Three more weeks until the 2022-23 financial year begins. 21 days to get your business spending plans and sales goals in place.
Or is that really necessary? Unless you have a boss who requires such things from you, forecasts and setting financial goals feels like one of those difficult, non-urgent jobs that are perfect for filing and forgetting in the ‘good intentions’ basket.
After all, business will still happen, with or without a forecast. Sometimes (especially recently) what actually happens makes a complete mockery of the forecast. So why bother?
Because, done right, business spending plans and financial goals will drive the building of a business that serves you.
If you read my last blog post, you’ll know I recommend starting by figuring out how much money you personally need from the business. Knowing how your life will be different if the numbers in the plan are achieved helps to the plan less abstract.
Now you need to look at what the business needs.
Firstly: Are there any aspects of your work situation that you wouldn’t put up with if you were an employee? I’m not talking about low pay here – that’. I’m talking about things like an office chair that makes your back hurt. Terrible lighting. Or no paid sick leave or holidays.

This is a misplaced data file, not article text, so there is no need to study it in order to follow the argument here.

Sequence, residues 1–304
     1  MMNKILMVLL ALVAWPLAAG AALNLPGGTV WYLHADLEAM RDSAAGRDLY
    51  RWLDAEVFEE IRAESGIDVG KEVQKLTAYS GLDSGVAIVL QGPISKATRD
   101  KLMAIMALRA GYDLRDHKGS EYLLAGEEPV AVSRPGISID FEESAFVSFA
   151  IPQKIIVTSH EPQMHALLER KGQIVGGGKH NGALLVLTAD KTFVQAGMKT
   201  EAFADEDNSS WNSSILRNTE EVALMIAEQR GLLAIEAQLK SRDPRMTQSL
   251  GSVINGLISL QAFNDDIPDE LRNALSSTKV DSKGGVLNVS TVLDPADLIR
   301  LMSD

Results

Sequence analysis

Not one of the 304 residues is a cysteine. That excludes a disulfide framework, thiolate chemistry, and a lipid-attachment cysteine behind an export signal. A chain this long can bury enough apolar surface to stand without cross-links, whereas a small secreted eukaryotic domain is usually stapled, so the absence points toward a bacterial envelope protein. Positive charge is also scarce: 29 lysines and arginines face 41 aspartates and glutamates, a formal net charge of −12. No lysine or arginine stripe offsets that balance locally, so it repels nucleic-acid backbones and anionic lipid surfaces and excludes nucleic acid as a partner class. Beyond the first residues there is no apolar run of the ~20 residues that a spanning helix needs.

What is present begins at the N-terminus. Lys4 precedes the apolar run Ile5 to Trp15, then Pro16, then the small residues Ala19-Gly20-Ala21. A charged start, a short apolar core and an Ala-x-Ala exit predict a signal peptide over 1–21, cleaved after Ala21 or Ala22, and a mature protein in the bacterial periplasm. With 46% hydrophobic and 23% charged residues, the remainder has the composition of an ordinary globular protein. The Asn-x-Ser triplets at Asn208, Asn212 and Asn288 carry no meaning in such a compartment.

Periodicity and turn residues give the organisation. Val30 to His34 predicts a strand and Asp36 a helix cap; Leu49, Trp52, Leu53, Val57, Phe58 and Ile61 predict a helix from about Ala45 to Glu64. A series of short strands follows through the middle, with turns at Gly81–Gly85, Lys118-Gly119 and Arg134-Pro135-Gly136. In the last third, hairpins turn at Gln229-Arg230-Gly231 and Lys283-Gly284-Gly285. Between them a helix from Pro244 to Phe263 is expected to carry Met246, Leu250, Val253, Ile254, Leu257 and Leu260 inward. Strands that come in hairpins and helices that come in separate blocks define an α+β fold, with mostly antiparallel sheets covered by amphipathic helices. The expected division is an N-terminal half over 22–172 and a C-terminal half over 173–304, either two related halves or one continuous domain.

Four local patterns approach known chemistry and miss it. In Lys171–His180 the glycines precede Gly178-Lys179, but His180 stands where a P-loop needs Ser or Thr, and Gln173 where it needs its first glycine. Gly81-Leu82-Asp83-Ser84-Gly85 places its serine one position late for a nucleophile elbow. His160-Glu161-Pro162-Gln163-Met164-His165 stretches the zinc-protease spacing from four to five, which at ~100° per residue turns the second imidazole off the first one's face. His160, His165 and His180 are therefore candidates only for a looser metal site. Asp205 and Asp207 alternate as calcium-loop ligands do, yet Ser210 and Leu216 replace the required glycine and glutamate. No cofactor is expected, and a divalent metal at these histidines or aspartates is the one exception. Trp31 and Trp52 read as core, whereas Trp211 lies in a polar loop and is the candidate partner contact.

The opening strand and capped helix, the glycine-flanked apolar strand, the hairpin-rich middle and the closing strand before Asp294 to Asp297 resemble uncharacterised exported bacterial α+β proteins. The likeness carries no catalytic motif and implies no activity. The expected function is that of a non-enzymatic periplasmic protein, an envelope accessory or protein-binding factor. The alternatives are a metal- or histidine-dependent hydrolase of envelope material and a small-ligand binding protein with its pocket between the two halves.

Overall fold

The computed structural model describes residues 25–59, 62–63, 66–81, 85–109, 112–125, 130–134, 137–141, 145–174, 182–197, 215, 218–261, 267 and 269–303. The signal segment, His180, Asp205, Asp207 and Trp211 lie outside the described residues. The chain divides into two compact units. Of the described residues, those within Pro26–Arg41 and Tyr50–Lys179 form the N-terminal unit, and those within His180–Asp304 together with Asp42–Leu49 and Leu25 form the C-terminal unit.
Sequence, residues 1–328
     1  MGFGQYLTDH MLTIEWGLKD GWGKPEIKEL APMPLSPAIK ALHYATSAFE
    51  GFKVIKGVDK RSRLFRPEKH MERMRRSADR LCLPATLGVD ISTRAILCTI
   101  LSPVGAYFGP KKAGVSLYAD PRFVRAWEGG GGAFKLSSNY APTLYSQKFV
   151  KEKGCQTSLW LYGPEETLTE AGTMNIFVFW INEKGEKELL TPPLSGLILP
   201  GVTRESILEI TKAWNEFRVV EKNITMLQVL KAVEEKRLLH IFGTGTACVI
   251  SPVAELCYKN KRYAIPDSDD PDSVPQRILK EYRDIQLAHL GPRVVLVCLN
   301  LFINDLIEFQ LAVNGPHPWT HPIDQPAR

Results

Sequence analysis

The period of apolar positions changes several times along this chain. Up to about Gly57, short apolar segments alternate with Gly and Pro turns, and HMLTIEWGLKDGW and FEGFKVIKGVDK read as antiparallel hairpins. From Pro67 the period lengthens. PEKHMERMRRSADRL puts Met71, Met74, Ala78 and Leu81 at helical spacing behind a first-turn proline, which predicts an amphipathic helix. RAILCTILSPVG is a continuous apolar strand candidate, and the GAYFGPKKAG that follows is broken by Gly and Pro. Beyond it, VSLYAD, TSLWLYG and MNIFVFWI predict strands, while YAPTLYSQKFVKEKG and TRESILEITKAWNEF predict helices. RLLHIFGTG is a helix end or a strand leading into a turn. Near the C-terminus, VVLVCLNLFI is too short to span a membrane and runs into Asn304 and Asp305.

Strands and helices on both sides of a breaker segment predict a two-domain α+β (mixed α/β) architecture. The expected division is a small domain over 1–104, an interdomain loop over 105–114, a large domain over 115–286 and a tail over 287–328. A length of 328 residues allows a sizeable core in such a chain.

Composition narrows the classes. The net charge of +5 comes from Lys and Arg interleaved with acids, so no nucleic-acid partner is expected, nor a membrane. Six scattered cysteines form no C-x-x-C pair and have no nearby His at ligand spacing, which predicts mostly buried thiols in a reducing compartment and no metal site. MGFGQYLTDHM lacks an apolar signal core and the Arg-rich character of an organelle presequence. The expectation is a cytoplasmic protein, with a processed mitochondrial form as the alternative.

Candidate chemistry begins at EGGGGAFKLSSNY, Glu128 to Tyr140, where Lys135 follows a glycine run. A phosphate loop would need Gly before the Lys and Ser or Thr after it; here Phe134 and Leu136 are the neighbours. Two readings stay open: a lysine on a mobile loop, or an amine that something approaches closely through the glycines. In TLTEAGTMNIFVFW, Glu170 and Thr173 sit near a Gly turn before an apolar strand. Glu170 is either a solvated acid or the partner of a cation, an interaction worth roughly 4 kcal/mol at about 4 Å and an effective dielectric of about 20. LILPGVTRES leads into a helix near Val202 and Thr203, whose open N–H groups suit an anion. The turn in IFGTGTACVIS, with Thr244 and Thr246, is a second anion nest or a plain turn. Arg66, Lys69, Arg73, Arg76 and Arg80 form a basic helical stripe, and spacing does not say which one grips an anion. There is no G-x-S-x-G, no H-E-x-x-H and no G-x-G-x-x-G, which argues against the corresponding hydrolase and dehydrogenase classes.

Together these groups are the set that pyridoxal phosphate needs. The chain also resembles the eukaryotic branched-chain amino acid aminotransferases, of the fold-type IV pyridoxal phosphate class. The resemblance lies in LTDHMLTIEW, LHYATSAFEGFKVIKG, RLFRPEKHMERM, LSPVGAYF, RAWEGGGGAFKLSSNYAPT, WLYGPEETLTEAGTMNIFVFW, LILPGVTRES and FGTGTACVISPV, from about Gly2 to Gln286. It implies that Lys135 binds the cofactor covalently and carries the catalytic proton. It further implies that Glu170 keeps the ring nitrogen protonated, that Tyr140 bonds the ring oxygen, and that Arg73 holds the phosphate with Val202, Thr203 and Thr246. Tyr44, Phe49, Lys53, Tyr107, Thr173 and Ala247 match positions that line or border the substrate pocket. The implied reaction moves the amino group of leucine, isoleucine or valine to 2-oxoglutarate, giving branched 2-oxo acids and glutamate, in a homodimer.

Make a note of anything like that, and investigate the costs of likely solutions. These are the second lot of numbers to go into the spending plan.
Now consider what investment may be needed for the business to run well:
- Business tools – the things that help you generate money – does anything here need to be upgraded?
- New product development or professional development – something to complement your existing range or skill set?
- Technology: Computers, phones, projectors etc all get to the point where they’re past their use-by date, run slowly, won’t update the latest version of the software.
- Visibility – what would help you to find more of your ideal client? Does any of your marketing collateral need updating or creating?
- Clients – all businesses need them, but not all clients are good for all businesses. Are there any of yours that cost you more than they’re worth?
- Contractors: Are yours available when you need them? Good at what they do? Easy to deal with? Or would you just love to be able to hire one?
- Premises – there’s no shame in running a business from a garage (just ask Apple). The question is, are your current premises working for you?
Remember, at this point it’s not about figuring out how on earth you will pay for these things. It’s just about information gathering. Being real about what your business needs is what makes the your plan a living, useful document.